In July 2015, NASA's New Horizons spacecraft made history when it made its first mission to fly close to Pluto. This was followed by the spacecraft's first encounter with a Kuiper Belt Object (KBO) known as Arrokoth (aka. 2014 MU69) on December 31, 2018. Additionally, its unique position in the outer solar system has allowed astronomers to conduct rare and lucrative scientific operations.
This included parallax measurements from Proxima Centauri and Wolf 359, the two stars closest to the solar system. In addition, a team of astronomers led by the National Optical Astronomy Observatory (NOAO) and the Southwest Research Institute (SwRI) used archival data from the probe's Long Range Reconnaissance Imager (LORRI) to make cosmic optical background (COB) measurements.
The study, which was recently accepted for publication by The Astrophysical Journal, was led by NOAO's Tod R. Lauer. He was joined by Alan Stern (PI of the New Horizons Mission) and researchers from SwRI, NASA, the Applied Physics Laboratory (JHUAPL) at Johns Hopkins University, the Space Telescope Science Institute (STSI), the Lunar and Planetary Institute (LPI) )), the SETI Institute and several universities and institutions.
There could be quadrillion nomad planets in our galaxy alone – and they could even be ejected into intergalactic space. Photo credit: ESO / S.Brunier
Simply put, the COB is the light from all sources outside the Milky Way that is diffusely distributed in the observable universe. In this sense, it is the visible light analog of the Cosmic Microwave Background (CMB) and an important benchmark for astronomers. By measuring this light, they can identify the positions of stars, the size and density of galaxies, and test theories about the structure and formation of the cosmos.
Accurate measurement of the COB is important for several reasons. For starters, this background is an integral part of the history of star formation, star clusters, galaxies, black holes, galaxy clusters, and the large-scale structure of the universe. Knowing exactly how dark the night sky is will give you insight into how the universe was formed and evolved.
In addition, astronomers have attempted to determine whether the COB (dCOB), a source of photons not associated with currently known objects, contains a diffuse component. The presence of such a component would allow astronomers to test how much of the cosmic background light could have come from objects in the lower density regions of the universe or from objects that formed before the universe was organized in its current patterns.
A dCOB could also reflect the production of photons through more exotic processes such as the destruction or disintegration of particles of dark matter and thus support the ongoing search for this “invisible” mass. Unfortunately, these types of studies present numerous challenges as terrestrial telescopes are subject to atmospheric distortion and space-based telescopes must deal with interference from zodiacal light.
As a result, there have been significant deviations in the derived brightness of the optical background over time. However, these types of interference are not a problem for spacecraft in the outer solar system. Hence, astronomers have relied on all of the previous missions that ventured beyond Neptune to take COB measurements – i.e. H. The Pioneer 10/11 and Voyager 1/2 missions.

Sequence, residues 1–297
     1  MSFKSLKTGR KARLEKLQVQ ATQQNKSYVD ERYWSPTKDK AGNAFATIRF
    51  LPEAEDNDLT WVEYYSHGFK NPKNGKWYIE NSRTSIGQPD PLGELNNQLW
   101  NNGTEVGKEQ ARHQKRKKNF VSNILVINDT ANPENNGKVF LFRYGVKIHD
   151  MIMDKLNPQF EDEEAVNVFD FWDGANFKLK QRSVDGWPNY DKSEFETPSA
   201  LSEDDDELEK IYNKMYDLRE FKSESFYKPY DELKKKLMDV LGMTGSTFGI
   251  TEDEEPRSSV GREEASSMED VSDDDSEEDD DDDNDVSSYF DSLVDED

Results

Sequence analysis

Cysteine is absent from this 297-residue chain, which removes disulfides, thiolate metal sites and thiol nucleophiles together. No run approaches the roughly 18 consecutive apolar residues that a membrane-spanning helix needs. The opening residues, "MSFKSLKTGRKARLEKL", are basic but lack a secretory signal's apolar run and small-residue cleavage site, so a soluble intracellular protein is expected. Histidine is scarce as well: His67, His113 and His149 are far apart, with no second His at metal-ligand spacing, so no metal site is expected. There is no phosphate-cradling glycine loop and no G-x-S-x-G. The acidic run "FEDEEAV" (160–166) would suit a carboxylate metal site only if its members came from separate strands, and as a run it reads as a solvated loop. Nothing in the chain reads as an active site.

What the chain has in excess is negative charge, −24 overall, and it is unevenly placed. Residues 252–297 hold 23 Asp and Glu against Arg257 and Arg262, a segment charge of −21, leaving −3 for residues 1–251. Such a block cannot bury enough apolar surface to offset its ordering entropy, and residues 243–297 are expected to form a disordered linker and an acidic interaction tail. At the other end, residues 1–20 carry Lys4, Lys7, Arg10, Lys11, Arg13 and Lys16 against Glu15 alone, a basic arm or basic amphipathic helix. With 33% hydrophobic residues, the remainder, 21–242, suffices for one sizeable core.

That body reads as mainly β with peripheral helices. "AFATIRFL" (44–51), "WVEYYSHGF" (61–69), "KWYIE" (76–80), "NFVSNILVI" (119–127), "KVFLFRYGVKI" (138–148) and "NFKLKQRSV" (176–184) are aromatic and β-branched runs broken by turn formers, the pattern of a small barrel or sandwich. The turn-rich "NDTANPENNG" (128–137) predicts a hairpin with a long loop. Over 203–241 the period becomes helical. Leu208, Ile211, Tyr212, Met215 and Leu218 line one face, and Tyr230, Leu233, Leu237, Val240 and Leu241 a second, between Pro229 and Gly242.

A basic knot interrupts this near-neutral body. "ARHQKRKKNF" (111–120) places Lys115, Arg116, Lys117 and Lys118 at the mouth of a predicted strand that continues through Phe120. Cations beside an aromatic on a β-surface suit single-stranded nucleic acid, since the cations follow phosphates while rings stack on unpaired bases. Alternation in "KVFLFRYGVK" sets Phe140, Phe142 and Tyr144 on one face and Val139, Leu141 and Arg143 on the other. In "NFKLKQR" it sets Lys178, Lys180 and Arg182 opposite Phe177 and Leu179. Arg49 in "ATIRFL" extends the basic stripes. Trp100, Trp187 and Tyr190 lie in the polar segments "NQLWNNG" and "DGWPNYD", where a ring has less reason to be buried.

Similarly, the Hubble Space Telescope also took measurements of the COB, but these were limited when compared to what New Horizons could observe. As Lauer, a former member of the Hubble Wide Field and Planetary Camera team, emailed Universe Today:
“NH can accurately measure the entire flux of light emitted from the distant universe. The Hubble is great at adding up all of the distant galaxies, but is less suitable for things that are not in galaxies and creating a diffuse background that tangles with the scattered sunlight reflected from dust in the near-earth environment. "
Interestingly, this is not the first time astronomers have used LORRI data to measure COB. In 2017, a NASA-led team examined LORRI data from four different isolated sky fields imaged between 2007 and 2010. This coincided with the NH's cruise phase, when it passed between the orbits of Jupiter and Uranus.
The position of the seven LORRI fields used in this work. Photo credit: Lauer, Tod, R. (et al.)
For this study, Lauer and his team examined the brightness levels of seven fields of high galactic latitude observed by LORRI when the New Horizons mission was 42 to 45 AU from the Sun. At this distance, the average raw light levels were ten times darker than what Hubble could observe. After correcting any remaining interference, the team ran a Monte Carlo simulation to model the potential light source.
From this they were able to detect the presence of a diffuse component of unknown origin, possibly caused by the presence of faint galaxies that go undetected. As Lauer and his colleagues concluded, this would suggest that the current census of faint galaxies is inadequate, ignoring at least half of those with an apparent magnitude of 30 or more.
This is not the first time in recent years that the galactic census has had to be revised. Up until a few years ago, astronomers agreed that there are 200 billion galaxies in the observable universe. This was based on the Hubble Ultra Deep Field observation campaign, which astronomers used to create detailed 3D maps of the universe.
After revised calculations in 2016, astronomers now estimate that there are up to two trillion galaxies in the observable universe. Based on these latest results, it appears that the number may need to be updated again. Regardless, the work of Lauer and his colleagues shows how useful missions like New Horizons are and what types of research they can do in the outer solar system.
Further reading: arXiv